Try, if possible, to get these needs met by another important person in your life who is more capable of supporting you in the ways that you need. 

For example, if you’ve had a holiday tradition with this person for years and they are unable to participate this year, ask someone else you value to engage with you.

 If you are able, create a new tradition with your grieving friend/family member which might feel safer for them and still honour your special time together.


Grief can be a scary and unwelcome burden, especially during the holidays.  If you are involved in supporting someone through their loss this season, anticipate this year will likely not be easy.

Be flexible in your expectations around their ability to function and find some support for yourself.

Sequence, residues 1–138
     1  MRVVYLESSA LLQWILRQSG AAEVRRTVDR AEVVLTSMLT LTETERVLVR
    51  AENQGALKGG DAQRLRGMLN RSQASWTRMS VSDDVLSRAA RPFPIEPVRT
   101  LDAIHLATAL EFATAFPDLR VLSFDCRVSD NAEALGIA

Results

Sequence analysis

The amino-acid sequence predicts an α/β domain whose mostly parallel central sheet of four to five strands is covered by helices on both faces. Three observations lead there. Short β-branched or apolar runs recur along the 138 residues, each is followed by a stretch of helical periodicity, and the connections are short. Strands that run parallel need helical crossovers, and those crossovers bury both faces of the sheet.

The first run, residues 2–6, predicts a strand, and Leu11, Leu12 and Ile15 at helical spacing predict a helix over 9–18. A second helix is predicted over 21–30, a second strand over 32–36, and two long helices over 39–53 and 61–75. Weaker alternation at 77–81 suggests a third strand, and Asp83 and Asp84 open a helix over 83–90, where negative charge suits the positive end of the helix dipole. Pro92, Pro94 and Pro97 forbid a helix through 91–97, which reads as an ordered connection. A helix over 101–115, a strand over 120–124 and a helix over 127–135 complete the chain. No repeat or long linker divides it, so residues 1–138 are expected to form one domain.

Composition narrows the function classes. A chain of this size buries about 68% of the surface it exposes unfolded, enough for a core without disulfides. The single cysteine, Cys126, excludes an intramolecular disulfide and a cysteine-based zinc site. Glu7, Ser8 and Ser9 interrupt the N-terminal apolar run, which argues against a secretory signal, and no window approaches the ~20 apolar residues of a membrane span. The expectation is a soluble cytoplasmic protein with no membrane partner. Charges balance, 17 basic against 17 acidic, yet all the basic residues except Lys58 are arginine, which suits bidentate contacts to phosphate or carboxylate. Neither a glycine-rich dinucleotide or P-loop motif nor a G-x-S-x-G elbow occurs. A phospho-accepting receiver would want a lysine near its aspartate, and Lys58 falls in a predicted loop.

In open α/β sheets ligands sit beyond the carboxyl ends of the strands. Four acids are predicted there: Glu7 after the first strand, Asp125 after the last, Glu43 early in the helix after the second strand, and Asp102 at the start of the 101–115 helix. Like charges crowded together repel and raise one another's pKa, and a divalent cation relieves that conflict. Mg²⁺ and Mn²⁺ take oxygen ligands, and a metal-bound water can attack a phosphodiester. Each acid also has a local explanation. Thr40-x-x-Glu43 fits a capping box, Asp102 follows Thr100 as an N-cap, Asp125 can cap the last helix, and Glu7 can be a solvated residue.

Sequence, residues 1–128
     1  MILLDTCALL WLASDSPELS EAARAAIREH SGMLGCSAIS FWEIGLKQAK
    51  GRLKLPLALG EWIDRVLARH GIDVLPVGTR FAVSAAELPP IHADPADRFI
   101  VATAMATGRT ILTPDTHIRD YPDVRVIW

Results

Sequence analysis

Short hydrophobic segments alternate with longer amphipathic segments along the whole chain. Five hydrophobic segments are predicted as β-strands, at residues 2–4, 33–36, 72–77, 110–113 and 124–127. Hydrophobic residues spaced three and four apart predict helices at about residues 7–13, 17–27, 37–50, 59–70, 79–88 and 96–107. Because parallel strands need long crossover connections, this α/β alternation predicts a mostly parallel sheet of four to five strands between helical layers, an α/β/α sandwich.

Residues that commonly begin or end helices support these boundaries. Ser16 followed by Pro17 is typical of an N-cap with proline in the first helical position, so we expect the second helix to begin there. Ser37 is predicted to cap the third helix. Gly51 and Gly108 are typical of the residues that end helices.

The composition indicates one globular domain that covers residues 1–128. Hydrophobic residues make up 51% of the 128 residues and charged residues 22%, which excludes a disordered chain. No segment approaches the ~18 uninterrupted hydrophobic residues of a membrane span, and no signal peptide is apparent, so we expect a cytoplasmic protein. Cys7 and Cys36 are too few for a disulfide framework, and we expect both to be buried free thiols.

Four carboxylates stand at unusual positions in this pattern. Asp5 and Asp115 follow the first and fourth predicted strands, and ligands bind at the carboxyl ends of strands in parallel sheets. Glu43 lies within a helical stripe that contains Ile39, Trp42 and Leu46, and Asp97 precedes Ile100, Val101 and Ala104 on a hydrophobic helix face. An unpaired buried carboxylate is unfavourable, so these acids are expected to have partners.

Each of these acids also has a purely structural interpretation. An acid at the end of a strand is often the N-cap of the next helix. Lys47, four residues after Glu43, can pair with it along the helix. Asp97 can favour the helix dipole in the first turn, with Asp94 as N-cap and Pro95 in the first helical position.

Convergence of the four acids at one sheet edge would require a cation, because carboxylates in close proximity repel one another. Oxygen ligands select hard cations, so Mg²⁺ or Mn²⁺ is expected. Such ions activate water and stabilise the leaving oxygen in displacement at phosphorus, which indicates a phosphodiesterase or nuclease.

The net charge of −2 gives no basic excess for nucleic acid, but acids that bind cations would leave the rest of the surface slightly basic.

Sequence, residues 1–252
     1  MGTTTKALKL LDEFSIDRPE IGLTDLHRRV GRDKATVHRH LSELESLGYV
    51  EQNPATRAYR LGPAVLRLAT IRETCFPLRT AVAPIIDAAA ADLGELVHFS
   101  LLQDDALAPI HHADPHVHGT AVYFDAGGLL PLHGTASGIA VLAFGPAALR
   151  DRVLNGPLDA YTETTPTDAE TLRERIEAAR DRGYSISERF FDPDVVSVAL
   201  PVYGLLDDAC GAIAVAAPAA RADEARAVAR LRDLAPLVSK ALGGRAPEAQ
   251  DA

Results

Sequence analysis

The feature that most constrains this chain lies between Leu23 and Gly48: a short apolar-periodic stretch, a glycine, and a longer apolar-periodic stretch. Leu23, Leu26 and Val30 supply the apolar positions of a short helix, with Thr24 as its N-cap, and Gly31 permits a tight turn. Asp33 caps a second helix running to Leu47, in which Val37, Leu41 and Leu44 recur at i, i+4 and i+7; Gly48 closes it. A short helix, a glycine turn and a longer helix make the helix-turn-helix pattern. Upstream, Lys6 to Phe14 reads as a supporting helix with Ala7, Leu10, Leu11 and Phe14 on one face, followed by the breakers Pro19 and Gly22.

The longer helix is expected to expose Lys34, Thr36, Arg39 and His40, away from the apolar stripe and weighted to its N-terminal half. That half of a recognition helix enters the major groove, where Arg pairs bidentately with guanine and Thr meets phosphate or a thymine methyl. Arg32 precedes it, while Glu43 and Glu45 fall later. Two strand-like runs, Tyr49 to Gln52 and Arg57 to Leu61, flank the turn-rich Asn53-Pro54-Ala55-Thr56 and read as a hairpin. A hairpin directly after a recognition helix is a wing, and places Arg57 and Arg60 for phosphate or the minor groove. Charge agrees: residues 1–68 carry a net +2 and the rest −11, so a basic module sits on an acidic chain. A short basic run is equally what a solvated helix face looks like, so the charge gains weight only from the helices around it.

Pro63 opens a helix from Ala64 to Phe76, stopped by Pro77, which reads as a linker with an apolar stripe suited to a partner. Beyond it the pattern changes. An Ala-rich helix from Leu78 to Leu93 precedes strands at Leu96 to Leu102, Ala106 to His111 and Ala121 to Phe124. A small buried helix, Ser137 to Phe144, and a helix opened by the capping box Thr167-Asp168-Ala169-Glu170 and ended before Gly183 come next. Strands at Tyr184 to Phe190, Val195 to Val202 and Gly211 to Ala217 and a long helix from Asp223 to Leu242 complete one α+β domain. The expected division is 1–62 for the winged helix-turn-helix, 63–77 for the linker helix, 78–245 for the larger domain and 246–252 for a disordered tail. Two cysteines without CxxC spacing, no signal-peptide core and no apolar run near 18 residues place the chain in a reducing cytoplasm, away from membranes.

It might be helpful to prepare mentally for emotional outbursts, out-of-character actions or remarks, and a desire on their part to isolate themselves.

Having someone you can talk to about the effects of this on you – without judging or gossiping about the person – will help to honour your own experience and allow that person to have theirs.

If you are finding it overwhelming, seek out other forms of support on your loved one’s behalf and present them with the opportunity for compassion and healing.

In time, holiday traditions will change and a grieving person may be better equipped to focus on who they do have around rather than who they do not.  

Important events and celebrations will  likely always be bitter sweet for someone who cannot share these moments with those they held so dear. 

If you are able to support and give them permission to experience all of their feelings completely, the healing process may occur just a little more quickly and easily, than if they are rushed or wronged for being in the pain they are trying so hard to manage over the holidays.

Wishing peace within for all this season.


Andrea Fiorini, 

North York Counselling Services